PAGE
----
On World Migratory Bird Day this weekend (9-10 of May), Sri Lanka celebrates the 200 birds that migrate to the island annually and become an important part of this country’s biodiversity. These birds fly thousands of kilometres, even crossing great oceans, in order to reach their destinations during the two-way journey. They are vulnerable to dangers lying in their path that could bring devastating results even though the sites at their destinations are protected.
World Migratory Bird Day was declared to raise the awareness of these special creatures and the threats they face. “Energy – Make it Bird Friendly” is this year’s theme to highlight the harm faced every year by millions of migratory birds which struggle with the massive expansion of energy generation and distribution.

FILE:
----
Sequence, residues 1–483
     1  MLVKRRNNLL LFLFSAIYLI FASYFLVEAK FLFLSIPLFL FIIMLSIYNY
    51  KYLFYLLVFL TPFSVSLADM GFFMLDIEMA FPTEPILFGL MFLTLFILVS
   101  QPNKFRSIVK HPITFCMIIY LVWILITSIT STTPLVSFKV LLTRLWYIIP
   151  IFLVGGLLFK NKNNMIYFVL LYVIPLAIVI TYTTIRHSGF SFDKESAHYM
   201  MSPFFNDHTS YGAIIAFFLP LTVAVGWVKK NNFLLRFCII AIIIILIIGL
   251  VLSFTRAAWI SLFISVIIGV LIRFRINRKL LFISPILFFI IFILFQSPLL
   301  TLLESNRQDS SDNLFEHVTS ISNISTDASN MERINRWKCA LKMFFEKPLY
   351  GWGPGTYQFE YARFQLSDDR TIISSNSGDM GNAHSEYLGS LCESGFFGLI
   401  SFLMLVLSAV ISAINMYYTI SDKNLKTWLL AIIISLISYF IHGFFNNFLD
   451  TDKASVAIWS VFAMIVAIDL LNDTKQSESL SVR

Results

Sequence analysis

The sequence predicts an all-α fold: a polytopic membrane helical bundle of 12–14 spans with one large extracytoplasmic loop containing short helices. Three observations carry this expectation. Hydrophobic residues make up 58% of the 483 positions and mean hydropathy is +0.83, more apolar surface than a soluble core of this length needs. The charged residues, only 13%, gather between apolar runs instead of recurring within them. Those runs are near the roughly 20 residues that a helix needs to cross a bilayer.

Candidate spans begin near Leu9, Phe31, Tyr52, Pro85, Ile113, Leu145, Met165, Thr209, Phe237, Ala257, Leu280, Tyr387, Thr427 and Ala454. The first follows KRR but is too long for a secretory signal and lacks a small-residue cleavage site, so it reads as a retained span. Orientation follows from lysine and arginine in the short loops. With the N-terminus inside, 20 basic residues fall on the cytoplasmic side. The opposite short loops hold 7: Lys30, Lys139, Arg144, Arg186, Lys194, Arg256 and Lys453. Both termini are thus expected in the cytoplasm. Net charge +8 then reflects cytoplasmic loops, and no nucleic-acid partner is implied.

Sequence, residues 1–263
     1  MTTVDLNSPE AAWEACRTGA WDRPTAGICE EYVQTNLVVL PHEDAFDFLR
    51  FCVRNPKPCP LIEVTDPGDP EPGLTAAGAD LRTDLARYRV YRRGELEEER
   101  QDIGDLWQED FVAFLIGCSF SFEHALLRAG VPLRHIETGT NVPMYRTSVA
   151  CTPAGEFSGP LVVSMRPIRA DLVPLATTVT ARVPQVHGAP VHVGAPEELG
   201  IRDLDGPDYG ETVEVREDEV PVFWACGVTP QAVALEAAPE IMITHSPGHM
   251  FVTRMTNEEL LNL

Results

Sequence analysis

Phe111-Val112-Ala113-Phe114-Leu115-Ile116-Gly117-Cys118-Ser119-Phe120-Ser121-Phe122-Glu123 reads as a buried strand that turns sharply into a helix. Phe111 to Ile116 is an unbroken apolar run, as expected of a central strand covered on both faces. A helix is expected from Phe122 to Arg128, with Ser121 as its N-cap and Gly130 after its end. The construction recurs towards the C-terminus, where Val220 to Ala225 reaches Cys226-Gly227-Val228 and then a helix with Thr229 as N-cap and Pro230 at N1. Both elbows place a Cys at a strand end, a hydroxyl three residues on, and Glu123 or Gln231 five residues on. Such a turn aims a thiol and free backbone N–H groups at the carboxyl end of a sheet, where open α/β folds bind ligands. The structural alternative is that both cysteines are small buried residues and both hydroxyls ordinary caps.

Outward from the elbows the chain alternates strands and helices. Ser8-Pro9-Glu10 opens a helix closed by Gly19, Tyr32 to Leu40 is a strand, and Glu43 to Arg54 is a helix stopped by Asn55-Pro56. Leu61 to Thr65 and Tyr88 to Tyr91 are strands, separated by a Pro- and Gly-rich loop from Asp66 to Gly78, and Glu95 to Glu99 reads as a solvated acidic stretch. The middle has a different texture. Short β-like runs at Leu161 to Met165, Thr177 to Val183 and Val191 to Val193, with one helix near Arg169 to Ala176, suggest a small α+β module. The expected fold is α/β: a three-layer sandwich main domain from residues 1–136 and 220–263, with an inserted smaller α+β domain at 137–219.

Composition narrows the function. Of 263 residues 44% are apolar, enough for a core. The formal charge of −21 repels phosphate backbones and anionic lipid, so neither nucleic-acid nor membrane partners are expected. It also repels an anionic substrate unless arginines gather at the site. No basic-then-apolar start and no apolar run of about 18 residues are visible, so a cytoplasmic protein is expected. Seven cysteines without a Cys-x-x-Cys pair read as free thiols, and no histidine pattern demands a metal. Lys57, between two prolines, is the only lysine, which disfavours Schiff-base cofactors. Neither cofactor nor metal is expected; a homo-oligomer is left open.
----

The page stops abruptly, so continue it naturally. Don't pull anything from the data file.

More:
Collisions and electrocution due to power lines as well as barrier effects from energy infrastructure can cause death and displacement. Wind farms could be particularly disruptive if set up across migratory routes.
“We need clean and cheap power that doesn’t pollute environment, so we should find ways to minimise damage and keep monitoring the impact of energy infrastructure once it is set up,” said Devaka Weerakoon, Professor of Zoology at the University of Colombo.